Disruption in Medical Device and Diagnostic Manufacturing: 3 Lessons Learned

These takeaways from 2020 can help medical device and diagnostic industry manufacturers prepare for the next crisis.

Bart Reitter, Vice President of Life Sciences

December 22, 2020

3 Min Read
Image by dmitrymirror - Adobe Stock

“By failing to prepare, you are preparing to fail.” - Benjamin Franklin

There’s a reason we have so many adages about being prepared; unexpected disruption comes at us from all directions. To continue to grow, businesses have to be ready for whatever comes next.

COVID-19 has disrupted the world, and it’s had a significant effect on the medical device and diagnostics industry. The pandemic upended routines and forced many facilities to shift their focus and begin manufacturing critical PPE (personal protective equipment) and other life-saving devices. Supply chains worldwide experienced massive confusion as some manufacturers switched to 24/7 production, others experienced extreme slowdowns, and others closed their doors either temporarily or for good.

But medical device manufacturers face interruptions from multiple sources every day— changing customer demands, market shifts, increasing regulatory pressures, new technologies, mergers and acquisitions, and more. Any change in the status quo poses a risk to the delicate balance of the manufacturing process and puts a company’s profitability at risk.

As we struggle through the current disruption, it’s time to prepare for what’s next. Here’s what medical device and diagnostic industry manufacturers can take away from the current crisis to help them prepare for the next one.

Lesson 1: Keep innovation alive

Innovation is the lifeblood of any industry, and especially the medical device industry. Innovation thrives on collaboration, and it’s taken a hit during COVID-19 because more teams are working from home. And innovation can also fall behind during a disruption. When R&D labs have to spend time on crisis management, there’s simply less time to create.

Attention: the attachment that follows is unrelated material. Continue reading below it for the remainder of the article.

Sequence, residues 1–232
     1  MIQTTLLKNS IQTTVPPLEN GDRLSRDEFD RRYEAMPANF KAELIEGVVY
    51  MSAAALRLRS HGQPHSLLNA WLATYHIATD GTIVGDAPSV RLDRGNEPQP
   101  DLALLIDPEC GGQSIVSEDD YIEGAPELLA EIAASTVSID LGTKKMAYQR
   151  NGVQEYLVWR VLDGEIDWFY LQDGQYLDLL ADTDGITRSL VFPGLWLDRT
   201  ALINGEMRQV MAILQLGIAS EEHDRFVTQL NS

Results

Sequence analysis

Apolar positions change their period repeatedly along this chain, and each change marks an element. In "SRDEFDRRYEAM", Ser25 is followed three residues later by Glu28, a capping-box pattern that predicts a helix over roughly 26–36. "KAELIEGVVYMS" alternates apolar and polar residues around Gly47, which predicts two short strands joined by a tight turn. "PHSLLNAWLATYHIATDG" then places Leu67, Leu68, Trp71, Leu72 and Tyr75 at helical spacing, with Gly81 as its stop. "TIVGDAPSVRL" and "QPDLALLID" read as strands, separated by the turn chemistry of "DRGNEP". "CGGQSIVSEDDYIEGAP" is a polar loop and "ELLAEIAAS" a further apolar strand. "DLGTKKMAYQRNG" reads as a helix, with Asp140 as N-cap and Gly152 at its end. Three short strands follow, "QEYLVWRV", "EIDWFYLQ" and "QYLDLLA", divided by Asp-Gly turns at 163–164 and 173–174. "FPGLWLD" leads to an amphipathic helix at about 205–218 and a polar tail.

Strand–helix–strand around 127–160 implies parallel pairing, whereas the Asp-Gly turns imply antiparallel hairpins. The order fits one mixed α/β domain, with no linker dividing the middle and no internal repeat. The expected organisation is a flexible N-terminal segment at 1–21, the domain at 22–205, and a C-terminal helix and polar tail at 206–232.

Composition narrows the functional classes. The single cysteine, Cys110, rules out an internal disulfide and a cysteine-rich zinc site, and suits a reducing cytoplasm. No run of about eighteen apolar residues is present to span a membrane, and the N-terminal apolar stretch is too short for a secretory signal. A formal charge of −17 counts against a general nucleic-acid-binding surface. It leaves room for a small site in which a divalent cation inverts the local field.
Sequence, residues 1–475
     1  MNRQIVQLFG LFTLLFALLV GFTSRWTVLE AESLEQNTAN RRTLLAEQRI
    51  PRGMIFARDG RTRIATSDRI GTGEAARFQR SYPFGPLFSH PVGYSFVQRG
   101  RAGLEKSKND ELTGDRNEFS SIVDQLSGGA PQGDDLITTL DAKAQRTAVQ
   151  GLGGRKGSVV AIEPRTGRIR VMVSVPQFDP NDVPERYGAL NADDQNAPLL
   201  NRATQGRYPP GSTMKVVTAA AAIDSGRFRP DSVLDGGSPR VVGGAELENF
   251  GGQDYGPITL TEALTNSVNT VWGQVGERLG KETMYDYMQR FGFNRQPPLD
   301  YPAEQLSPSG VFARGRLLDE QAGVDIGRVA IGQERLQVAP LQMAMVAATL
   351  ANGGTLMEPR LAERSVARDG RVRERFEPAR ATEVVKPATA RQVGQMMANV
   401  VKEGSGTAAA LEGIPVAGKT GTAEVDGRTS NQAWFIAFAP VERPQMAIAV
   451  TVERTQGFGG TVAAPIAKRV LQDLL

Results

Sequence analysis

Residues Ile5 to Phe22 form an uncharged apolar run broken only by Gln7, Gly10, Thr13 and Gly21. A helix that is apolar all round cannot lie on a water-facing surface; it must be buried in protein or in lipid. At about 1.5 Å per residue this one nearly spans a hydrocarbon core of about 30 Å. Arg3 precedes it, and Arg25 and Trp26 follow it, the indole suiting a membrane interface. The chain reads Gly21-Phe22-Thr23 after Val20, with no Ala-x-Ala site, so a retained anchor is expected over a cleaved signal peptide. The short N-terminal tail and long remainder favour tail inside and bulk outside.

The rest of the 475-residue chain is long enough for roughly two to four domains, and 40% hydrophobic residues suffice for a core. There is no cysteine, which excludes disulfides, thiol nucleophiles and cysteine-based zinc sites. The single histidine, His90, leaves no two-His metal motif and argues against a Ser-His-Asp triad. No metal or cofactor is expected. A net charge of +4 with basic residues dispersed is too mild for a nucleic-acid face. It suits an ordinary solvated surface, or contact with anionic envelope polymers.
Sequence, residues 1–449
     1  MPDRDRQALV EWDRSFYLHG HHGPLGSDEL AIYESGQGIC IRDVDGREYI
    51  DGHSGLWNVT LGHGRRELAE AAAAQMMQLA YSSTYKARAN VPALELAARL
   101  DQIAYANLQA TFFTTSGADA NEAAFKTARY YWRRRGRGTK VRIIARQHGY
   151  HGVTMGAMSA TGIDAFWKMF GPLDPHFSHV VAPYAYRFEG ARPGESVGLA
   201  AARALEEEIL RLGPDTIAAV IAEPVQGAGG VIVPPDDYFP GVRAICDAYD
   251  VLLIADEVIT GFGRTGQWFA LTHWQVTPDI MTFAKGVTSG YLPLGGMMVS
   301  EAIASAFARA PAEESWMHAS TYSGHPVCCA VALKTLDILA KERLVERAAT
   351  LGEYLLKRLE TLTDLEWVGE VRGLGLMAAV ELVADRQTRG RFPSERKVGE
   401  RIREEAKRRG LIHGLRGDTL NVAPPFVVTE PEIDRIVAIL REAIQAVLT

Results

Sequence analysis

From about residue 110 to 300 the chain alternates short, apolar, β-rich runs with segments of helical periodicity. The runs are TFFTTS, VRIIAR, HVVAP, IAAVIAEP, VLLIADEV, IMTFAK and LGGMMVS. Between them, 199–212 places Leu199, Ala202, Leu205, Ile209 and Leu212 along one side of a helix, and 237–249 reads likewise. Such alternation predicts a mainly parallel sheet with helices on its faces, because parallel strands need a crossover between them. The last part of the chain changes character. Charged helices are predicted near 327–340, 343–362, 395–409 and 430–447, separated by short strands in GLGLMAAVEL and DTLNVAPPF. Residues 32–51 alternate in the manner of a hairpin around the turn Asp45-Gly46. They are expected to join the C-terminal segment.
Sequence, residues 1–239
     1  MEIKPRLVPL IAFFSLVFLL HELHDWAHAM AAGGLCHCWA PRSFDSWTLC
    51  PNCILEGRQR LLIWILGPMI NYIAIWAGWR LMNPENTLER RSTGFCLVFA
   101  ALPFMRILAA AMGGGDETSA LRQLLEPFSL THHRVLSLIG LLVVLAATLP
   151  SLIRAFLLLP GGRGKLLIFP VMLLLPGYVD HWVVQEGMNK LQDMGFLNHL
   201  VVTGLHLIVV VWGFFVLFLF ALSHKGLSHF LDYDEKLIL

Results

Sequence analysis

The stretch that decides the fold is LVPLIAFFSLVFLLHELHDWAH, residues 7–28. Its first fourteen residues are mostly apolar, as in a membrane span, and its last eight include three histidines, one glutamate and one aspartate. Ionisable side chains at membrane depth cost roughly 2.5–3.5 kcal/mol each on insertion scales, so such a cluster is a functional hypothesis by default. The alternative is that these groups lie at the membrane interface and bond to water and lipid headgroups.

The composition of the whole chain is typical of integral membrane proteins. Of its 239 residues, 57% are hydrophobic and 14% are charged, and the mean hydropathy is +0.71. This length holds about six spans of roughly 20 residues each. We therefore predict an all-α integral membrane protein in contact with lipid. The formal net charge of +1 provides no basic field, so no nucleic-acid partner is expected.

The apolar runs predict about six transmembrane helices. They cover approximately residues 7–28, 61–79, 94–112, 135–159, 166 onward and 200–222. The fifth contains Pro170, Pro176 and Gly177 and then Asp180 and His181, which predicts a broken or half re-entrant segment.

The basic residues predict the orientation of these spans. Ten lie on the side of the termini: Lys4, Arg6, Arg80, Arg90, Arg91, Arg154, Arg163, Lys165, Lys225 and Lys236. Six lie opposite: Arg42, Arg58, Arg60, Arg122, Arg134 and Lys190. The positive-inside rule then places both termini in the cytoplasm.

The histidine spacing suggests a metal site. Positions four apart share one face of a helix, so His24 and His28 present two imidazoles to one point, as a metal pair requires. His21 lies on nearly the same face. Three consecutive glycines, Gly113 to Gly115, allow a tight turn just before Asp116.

Medical device and diagnostic manufacturers can nurture innovation during even the most turbulent time by designing their operations to be more agile. They can adopt technology solutions that work in a cloud-based environment so data and information can be accessed anywhere, at any time, and through most devices.

Lesson 2: Untangle the supply chain

On a good day, life science manufacturers have supply-chain challenges—siloed supply-chain operations, limited visibility into supply-chain partner activity, and shipments that show up at the wrong time and in the wrong place. Disruption can magnify those issues. 

When disruption strikes, a dependable, well-connected supply chain can make the difference between being profitable or not. Connected supply-chain management isn’t just about grabbing and sharing data with partners; it’s about communicating in real-time and automating proactive and intelligent decisions across the span of a company’s global supply-chain operation. An agile, adaptive supply chain can speed up a manufacturer’s response to supply-chain disruptions.

Lesson 3: Go digital

When disruption strikes, a manufacturer can lose time syncing up data across the operation. The COVID-19 crisis has caused life science manufacturers to reconsider how data is collected, stored, and used. Digital manufacturing solutions can help companies collect and effectively use data, so that it’s not just numbers—it’s real-time insights.

Embracing digital technology can result in improved efficiency of manufacturing operations, real-time access to production data, inventory accuracy, shop floor visibility, and asset utilization. It can help connect the manufacturing floor to the rest of the business. Advanced technologies like machine learning, AI, IoT, and robotic process automation can be used to modernize manufacturing operations. Using technology, manufacturers can better communicate, analyze, and use information to overcome disruption and meet cost and quality objectives.

We've learned a great deal from COVID-19 and how it has impacted businesses. We've learned that the medical and healthcare industries have to arm themselves in advance with the right technology solutions and talent to be able to meet whatever new challenges arise.

There will be more disruption. Companies that are prepared with a robust cloud-based technology solution and an adaptive infrastructure will find themselves with a competitive advantage. The paradox is that an adaptive infrastructure that allows a business to be more nimble and able to weather disruption is the most solid and dependable foundation.

About the Author(s)

Bart Reitter

Vice President of Life Sciences, QAD

Bart Reitter is vice president of life sciences for QAD, a global ERP solutions provider that helps companies thrive as adaptive manufacturing enterprises. He is a nearly 30-year veteran of the enterprise software and life sciences industries. Reitter leads QAD's Life Sciences Strategic Business Segment and oversees global strategy, sales, marketing and business development. He previously led global marketing for a preclinical contract research organization and has held a variety of commercial leadership roles including 10 years at General Electric where he served as global industry manager for life sciences.

Reitter holds a Bachelor’s Degree in Marketing from Duquesne University and enjoys skiing, running, and playing guitar in his free time. He lives in Philadelphia with his wife and two daughters.

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